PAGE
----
There are those who call it ‘timing’, others ‘sliding doors’. It is the combination of situations and opportunities that change the careers of many sportsmen, and in particular of Formula 1 drivers, forced to move in very limited contexts in terms of opportunities. A very clear example of this is that of Valtteri Bottas, announced as a Mercedes driver on January 16, 2017 after the shock retirement of the new world champion Nico Rosberg.
A stroke of luck, because Rosberg’s farewell has matured despite having a two-year contract (expires 2018), an agreement that if Nico had completed would have long postponed a possible arrival of Bottas in Mercedes. At the end of 2018, Valtteri already had 41 Grands Prix held alongside Lewis Hamilton, with a score of three wins, thirteen second places and five thirds, plus six pole positions. To date, the numbers have reached nine wins, seventeen pole positions and fifty-nine overall podium finishes.
In all the seasons played with Mercedes, Bottas had to live with the anxiety linked to the renewal of the contract, a situation that was never released before the summer but with a positive outcome (for four consecutive years). Now, however, it seems to be at the end of the line, with the shadow of George Russell, (‘tasted’ by Bottas as a teammate at Sakhir last year) who gets longer and longer as Valtteri’s performance wanes.
Stories have a beginning and an end, and Bottas knows it well, but the Finn risks paying a high price for believing, twelve months ago, that he can finally make his mark by beating Hamilton. In 2020 the drivers market was far-reaching with a reorganization that involved heavy seats, and many drivers took advantage of opportunities to start new stages in their careers. As usual, the contracts stipulated are basically two-year, which is why this year the doors of many teams are closed.
Twelve months ago Valtteri had a market, if in 2020 he had decided to leave Mercedes he could have laid the foundations for a new phase of his career, securing a two-year contract (the Renault and McLaren options were concrete). It was not easy to say goodbye to the world champion team, probably it would not have been for anyone, but an in-depth reading of market developments should have put the risks of that choice on the plate: either it goes or breaks it. In the first case Bottas could have hoped for a great season in Mercedes, which has not been seen so far, in the second he feared the prospect that is starting to take shape, or risk having to say goodbye to Formula 1.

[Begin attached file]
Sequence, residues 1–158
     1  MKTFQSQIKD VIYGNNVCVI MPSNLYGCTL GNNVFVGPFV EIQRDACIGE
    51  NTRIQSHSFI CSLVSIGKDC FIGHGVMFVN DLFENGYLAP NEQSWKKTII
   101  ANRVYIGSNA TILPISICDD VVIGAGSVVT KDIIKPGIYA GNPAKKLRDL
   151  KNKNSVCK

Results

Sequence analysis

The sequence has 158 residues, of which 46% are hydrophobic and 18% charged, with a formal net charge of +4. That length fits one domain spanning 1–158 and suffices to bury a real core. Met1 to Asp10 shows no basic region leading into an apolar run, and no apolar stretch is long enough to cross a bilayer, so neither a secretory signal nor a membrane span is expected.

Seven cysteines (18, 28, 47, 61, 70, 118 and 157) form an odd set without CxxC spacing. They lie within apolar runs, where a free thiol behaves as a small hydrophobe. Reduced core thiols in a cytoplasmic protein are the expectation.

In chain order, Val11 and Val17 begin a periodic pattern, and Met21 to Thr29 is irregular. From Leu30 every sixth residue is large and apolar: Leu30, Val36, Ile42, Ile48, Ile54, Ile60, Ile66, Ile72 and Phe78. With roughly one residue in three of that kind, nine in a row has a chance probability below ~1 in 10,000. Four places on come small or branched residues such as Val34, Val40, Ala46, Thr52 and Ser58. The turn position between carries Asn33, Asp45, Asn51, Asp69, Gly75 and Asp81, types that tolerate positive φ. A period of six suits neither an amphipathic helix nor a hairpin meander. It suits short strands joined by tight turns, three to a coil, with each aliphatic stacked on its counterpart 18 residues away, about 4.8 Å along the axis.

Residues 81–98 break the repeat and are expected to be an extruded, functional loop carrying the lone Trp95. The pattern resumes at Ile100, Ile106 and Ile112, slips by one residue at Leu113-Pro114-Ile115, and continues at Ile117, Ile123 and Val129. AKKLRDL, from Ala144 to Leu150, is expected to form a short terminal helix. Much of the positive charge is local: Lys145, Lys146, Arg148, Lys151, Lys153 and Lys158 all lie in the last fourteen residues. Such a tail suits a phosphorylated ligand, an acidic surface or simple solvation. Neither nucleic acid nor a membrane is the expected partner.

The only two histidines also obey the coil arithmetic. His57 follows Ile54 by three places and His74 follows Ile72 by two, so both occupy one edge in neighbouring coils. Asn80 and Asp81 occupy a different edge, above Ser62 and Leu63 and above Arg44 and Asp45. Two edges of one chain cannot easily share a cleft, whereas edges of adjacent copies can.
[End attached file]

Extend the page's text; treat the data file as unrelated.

It was not a bizarre theory to speculate that Mercedes would decide to open the doors of the team to George Russell, and it was quite clear that in that case the alternatives in Formula 1 for Bottas would be few. Net of twists and turns (and these would be, considering the market conditions) for the Finn to stay in Formula 1 in 2022 would mean marrying Williams, or at most hoping for a call from Alfa Romeo. An exciting prospect for a young player, but certainly not for those who come from the World Champion team. An Aston Martin chance could have materialized if a ‘farewell’ from Sebastian Vettel had matured, but the conditions do not seem to be there.
What will Bottas do then? He will hope to get the fifth renewal in Mercedes, but in the paddock there are not a few who argue that Wolff has actually sent quite clear messages for the future, and they are not reassuring missives for the Finn. Does it make sense for Valtteri to think about moving to a team that rarely sees points? There is the 2022 bet, it is true, but can it really be assumed that a ‘client’ team could approach an official team?
At 31, Bottas risks finding himself in the role of supporting actor or outside the paddock, not exactly attractive prospects. He could follow the example of Kimi Raikkonen and focus on rallies, hoping for better results than Iceman’s, or remain tied to the track but in other contexts, or accept to go back to where he started, in that Williams that launched it between 2013 and 2016. At times sport has offered stories of redemptions, but it will not be easy for Bottas to leave the Abu Dhabi paddock on December 12th. If it goes as it sounds, he will feel he has finished the best opportunity of his career.